In addition to getting a crash course in html and css, we’ve spent our time in the fellows’ lounge this week actually putting some prose together for our charter. One of the great things about this process has been the way in which working on the charter has actually provided a platform for us to get to know each other and to begin to have a number of other important conversations. Will we continue with Prism? Who is Prism for: academics, researchers, teachers, the entire web-surfing public? Is it possible to address the needs of all the disciplines we collectively represent in this project?
This process has also raised another concern for me that I only began to articulate yesterday. One of our motivations for working on our own version of the charter was to convey our own ethos in the text. As Gwen pointed out during one of our first meetings, we don’t want to create problems by foreseeing them. If the charter can be seen as a self-fulfilling prophecy—an attempt to articulate the desired goals and experiences for the next year that will motivate us to meet those goals—we didn’t want to convey an expectation of problems and conflicts. So far, I think we’ve been successful in this regard. But it has left me wondering what else we are importing into Praxis without notice or intent.
To my mind, the Digital Humanities represent a possibly radical corner of the academic landscape. Here—as the word “interdisciplinarity” instructs us—we are not supposed to adhere to the confines of our disciplines. What other “rules” are we meant to challenge?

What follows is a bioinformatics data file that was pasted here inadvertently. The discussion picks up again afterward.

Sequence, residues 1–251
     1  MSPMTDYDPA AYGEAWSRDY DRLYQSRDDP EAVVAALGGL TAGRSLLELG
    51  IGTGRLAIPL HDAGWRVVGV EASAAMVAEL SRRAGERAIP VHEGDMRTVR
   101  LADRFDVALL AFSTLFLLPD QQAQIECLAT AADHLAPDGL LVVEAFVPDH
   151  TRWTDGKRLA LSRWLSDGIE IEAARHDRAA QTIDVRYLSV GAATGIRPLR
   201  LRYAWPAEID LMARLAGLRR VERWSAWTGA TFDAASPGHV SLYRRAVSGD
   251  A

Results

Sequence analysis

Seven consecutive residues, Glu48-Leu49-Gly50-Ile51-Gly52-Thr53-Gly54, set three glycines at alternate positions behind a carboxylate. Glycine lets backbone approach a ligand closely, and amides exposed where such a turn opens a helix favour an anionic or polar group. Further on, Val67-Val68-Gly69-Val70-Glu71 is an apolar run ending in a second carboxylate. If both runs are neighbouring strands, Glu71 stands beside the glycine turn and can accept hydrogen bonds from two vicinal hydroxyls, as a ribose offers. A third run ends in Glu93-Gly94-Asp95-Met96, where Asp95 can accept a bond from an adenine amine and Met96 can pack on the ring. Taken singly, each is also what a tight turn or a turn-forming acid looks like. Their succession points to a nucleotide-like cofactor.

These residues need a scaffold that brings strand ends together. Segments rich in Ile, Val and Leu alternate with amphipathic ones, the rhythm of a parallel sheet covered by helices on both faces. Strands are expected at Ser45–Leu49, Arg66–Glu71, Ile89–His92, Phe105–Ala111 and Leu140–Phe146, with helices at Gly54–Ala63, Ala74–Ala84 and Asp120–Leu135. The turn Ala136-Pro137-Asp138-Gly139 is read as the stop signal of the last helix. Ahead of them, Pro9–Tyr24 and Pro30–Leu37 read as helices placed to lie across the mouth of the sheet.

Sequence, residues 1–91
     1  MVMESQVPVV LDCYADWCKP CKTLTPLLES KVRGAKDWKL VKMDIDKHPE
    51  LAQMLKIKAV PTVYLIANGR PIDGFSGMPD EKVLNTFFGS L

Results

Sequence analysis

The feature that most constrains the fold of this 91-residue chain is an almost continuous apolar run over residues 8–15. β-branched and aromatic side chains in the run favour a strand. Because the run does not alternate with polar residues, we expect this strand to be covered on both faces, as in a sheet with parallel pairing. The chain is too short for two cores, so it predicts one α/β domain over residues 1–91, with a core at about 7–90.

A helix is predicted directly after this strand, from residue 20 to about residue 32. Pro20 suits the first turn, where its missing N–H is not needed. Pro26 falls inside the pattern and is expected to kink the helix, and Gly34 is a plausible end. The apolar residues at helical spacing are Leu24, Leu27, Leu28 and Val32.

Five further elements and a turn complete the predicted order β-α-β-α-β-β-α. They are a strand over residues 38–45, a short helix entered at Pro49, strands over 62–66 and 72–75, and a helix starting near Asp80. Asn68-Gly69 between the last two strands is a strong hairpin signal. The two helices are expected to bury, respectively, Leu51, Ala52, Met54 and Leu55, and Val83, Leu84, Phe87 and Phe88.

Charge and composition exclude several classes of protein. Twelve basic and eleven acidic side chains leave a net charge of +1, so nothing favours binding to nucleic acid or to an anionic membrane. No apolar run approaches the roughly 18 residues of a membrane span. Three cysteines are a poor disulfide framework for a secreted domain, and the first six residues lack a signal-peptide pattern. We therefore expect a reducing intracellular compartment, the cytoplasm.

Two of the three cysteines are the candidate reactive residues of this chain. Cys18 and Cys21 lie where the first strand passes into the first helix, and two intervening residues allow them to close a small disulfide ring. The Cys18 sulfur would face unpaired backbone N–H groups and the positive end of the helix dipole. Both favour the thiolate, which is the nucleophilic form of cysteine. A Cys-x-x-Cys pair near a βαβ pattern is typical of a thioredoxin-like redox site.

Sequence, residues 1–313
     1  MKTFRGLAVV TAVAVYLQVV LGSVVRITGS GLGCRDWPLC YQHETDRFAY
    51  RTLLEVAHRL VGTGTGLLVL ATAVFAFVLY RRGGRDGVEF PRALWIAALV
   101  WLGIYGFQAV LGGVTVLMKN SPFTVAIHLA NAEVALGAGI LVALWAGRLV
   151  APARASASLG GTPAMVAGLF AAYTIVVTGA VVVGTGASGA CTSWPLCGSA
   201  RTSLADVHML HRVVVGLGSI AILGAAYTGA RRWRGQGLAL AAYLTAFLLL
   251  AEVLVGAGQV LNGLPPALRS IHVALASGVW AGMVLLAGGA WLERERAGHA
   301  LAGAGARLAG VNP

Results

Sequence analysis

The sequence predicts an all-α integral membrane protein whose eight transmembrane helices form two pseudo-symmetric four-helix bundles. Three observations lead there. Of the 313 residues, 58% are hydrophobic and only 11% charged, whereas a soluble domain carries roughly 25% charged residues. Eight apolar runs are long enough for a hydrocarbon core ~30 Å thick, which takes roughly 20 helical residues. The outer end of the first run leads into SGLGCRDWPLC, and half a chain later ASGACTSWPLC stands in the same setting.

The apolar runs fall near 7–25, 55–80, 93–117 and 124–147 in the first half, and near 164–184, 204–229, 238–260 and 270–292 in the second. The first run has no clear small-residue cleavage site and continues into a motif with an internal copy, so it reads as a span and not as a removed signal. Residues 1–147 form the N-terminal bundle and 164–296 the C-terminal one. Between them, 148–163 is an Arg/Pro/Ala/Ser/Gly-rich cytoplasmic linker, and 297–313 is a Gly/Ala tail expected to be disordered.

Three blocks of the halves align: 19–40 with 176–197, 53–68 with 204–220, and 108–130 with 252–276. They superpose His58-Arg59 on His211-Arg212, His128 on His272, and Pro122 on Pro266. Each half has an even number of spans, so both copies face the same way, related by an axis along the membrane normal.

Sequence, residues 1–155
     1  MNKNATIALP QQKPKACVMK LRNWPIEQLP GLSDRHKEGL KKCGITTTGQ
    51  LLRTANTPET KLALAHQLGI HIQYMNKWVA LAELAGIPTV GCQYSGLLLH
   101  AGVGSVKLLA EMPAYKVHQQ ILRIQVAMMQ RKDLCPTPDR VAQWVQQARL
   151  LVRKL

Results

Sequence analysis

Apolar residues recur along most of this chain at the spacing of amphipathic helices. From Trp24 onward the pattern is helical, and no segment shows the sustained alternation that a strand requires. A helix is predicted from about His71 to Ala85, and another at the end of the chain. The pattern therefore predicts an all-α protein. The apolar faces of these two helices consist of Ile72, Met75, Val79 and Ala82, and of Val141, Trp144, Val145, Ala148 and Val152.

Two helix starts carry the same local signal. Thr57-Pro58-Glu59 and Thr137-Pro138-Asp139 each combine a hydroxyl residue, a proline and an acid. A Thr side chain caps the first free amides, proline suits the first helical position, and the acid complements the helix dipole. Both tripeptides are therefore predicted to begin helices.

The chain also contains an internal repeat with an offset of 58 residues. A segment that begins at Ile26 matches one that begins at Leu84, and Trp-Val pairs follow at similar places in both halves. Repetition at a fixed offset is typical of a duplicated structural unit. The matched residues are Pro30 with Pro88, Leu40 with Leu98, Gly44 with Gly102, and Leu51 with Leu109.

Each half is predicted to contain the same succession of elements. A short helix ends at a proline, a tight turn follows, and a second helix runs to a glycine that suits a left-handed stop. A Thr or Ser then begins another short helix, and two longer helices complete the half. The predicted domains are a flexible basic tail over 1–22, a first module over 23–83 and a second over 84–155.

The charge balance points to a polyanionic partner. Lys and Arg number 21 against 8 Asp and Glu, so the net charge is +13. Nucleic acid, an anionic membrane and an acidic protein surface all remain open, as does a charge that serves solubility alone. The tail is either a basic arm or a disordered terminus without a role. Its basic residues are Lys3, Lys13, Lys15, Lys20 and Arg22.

In pondering that question, my sociological mind turns to cultural theory. One of the things that sociologists often talk about is the way that culture instructs us not only in what we should do, but in how we should do it. We take an immense number of things for granted, assuming that other options do not exist. The cultural instructions for how to do something in one area of life often spill over into another. Something meant to be innovation becomes mundane.
These cultural instructions that we rely on are difficult to notice. Thus, we might import the rules and processes of bureaucracy, for example, into our own project without realizing it. This was one of my concerns this week when we discussed potentially including a clause for conflict resolution (requiring a neutral third party) into our charter. Not only did this seem to contradict the ethos we wanted to convey, but it imposed a seemingly overly bureaucratic construct into what has the potential to be a new kind of scholarly work environment and project. In another example, there have also been concerns (from myself included) about how our project will fit the requirements of respective disciplines and be accepted as legitimate scholarship. While we certainly benefit from structure and clearly articulated goals, why must we rely on the taken-for-granted goals and rules of bureaucratic educational institutions?
I want to encourage us to be on the lookout for these taken-for-granted assumptions. I want Praxis to be something that breaks academic molds–something innovative. Doing this requires both attentiveness and a willingness to have our own assumptions and habits challenged.